Every white writer who’s been to France has an essay, a memoir, a novel, or a poetry collection about the country. It’s practically a rite of passage. But Paris didn’t cease to exist once Hemingway was done with it. There are countless black writers who expatriated to France and wrote about the country with just as much insight and skill. So if you want to understand or live the expat experience, it’s time you start reading about the other side of it. (Consider also purchasing from a local black-owned bookstore, like Sisters Uptown Bookstore in NYC, Mahogany Books in Washington D.C., or Black Pearl Books in Austin.)
Where to start, but with James Baldwin? The Harlem-born writer moved to Paris in the middle of the twentieth century, at the age of 24, to escape the racism and prejudice he faced in America. In addition to works like Go Tell It On The Mountain and Notes on a Native Son, one of Baldwin’s must-reads is Giovanni’s Room, a quasi-autobiographical novel about a young black man who takes up with a handsome Italian in Paris, and one of the seminal works of black queer fiction.
One of Baldwin’s contemporaries, Richard Wright grew up in the American South, but spent the last 14 years of his short life in Paris. Though most of his writing (greatly inspired by friends like Jean-Paul Sartre and Albert Camus) focus on the plight of black Americans in the United States, such as Native Son and Black Boy, he did some lesser-known writings about travel and expatriation as a black man. Most notably, the essay, “I Choose Exile,” in which he writes, “There is more freedom in one square block of Paris than there is in the entire United States of America!”
Janet McDonald didn’t set out to become one of the best young adult and children’s book writers in recent years. She came to France to work as an attorney for a Parisian law firm, eventually settling there permanently to write a collection of critically-acclaimed young adult novels. Her memoir, Project Girl, tells the story of how she made it from the projects in Brooklyn to the Champs-Élysées, and her 2003 novel Twists and Turns is dedicated, “To Paris, where I became possible.”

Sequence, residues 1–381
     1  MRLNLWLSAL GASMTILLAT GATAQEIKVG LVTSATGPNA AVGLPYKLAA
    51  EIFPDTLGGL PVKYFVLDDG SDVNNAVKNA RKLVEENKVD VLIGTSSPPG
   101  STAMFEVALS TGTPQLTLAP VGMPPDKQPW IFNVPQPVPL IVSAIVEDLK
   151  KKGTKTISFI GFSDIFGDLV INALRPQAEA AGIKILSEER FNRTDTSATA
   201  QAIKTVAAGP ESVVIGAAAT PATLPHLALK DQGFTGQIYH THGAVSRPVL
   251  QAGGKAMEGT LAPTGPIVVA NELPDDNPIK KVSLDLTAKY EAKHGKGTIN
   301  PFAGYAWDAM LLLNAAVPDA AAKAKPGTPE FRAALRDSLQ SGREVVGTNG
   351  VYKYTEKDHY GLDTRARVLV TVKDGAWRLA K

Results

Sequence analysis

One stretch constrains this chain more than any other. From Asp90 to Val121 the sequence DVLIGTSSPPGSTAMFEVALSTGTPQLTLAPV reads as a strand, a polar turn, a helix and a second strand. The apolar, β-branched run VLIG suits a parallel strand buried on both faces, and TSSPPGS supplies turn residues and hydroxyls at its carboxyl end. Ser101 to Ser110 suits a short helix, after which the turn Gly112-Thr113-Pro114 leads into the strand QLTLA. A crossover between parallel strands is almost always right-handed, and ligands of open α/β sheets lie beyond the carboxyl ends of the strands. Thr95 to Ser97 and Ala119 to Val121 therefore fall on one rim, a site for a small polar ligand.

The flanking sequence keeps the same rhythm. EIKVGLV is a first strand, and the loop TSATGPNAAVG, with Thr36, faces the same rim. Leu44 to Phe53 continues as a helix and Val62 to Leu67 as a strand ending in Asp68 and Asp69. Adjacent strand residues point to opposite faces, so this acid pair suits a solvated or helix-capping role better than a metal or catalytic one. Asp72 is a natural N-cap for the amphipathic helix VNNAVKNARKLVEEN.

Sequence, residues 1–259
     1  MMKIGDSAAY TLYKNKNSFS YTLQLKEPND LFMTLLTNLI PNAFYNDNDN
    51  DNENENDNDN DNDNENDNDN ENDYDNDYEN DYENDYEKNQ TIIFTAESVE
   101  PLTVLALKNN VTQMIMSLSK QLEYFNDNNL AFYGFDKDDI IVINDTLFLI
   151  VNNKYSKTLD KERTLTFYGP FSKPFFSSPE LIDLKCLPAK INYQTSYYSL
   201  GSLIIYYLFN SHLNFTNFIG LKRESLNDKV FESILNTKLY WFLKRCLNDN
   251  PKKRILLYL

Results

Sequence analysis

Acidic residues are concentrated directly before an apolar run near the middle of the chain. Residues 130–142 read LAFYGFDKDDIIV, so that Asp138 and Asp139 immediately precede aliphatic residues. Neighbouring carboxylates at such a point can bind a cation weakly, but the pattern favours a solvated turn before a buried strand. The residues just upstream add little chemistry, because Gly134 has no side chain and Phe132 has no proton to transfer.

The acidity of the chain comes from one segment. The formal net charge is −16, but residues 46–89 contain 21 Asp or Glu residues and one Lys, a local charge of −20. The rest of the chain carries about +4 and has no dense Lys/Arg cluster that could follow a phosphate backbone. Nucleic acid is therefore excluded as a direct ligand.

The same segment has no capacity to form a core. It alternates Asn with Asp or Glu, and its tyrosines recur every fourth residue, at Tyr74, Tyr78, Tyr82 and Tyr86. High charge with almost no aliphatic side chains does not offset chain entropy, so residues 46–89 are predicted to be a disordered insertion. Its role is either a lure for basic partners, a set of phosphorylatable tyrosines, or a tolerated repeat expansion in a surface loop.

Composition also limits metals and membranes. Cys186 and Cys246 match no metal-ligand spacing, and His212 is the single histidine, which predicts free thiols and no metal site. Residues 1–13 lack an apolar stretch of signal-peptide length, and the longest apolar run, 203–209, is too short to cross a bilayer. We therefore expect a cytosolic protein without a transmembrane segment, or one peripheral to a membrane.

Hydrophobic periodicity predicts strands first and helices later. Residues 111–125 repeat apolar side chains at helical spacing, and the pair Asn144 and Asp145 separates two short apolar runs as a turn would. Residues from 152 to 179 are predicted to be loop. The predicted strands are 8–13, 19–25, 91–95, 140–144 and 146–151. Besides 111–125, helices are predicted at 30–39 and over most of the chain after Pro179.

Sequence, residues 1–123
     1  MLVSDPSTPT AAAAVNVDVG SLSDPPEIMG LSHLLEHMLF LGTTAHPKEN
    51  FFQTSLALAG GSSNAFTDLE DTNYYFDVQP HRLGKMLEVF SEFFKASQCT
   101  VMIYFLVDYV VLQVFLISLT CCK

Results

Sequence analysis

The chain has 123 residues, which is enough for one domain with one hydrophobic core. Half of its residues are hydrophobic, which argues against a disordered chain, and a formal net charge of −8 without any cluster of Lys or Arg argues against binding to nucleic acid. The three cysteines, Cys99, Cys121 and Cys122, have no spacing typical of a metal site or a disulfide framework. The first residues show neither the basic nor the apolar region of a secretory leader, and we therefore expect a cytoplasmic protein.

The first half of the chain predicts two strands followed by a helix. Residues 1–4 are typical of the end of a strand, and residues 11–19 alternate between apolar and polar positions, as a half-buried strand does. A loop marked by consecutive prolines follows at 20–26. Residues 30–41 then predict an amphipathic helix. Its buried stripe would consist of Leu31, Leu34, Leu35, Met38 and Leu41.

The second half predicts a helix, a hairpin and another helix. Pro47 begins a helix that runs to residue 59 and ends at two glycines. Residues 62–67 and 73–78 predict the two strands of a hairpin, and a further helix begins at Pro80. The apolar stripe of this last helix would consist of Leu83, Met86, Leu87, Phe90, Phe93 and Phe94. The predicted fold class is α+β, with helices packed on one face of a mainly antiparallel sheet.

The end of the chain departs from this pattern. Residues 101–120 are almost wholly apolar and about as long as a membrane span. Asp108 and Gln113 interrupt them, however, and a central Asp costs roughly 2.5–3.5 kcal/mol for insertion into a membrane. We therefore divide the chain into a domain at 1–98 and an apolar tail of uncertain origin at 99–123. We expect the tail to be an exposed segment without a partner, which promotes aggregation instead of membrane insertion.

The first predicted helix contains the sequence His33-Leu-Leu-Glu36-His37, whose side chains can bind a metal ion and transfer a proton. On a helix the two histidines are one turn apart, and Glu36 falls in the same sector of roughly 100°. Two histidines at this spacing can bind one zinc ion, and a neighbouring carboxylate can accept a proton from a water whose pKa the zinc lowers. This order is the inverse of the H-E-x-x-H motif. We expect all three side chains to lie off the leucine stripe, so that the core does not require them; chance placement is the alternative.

Jake Lamar was born in the Bronx, educated at Harvard, and trained as a writer for Time magazine. He’s lived in Paris since 1993, writing thrillers and crime fiction set in France’s capital, among them Rendezvous Eighteenth and Ghosts of Saint-Michel. Following in the footsteps of his predecessors, in 2013 he even wrote a play called Brothers in Exile, about the relationship between James Baldwin, Richard Wright, and Chester Himes in mid-century Paris.
Though Senegalese, Léopold Sédar Senghor was just as influential an expat and francophile as any American on this list. He was one of the primary theoreticians behind the concept of “Négritude,” a philosophy aimed at cultivating “Black consciousness” across the African diaspora. He was the president of Senegal, the first African elected to the Académie Française, and a survivor of Nazi concentration camps as a French soldier during World War II. But he was also a poet, who gave us such collections as Anthologie de la nouvelle poésie nègre et malgache de langue française, Hosties noires, and Nocturnes.
Monique Y. Wells has lived in Paris for more than two decades, and has become a strong advocate for women’s empowerment through her organization, the Wells International Foundation. She is a writer for Bonjour Paris and the co-founder of Entrée to Black Paris, which organizes walking tours in Paris centered around Black and African-American history. She is the co-author of Paris Reflections: Walks Through African-American Paris, as well as the author of the e-book anthology, Black Paris Profiles.
American actor and musician Gordon Heath is perhaps the most famous Othello in living memory, and his career eventually brought him to Paris, where he spent the last 30 years of his life singing at L’Abbaye and touring Europe. In 1992, shortly after his death, a book about his jetsetting life was published, called Deep Are The Roots: Memoirs of a Black Expatriate. The first section of the title is taken from the Broadway play that brought Heath success in 1945, about a black WWII soldier who returns to his home in the South and finds little has changed.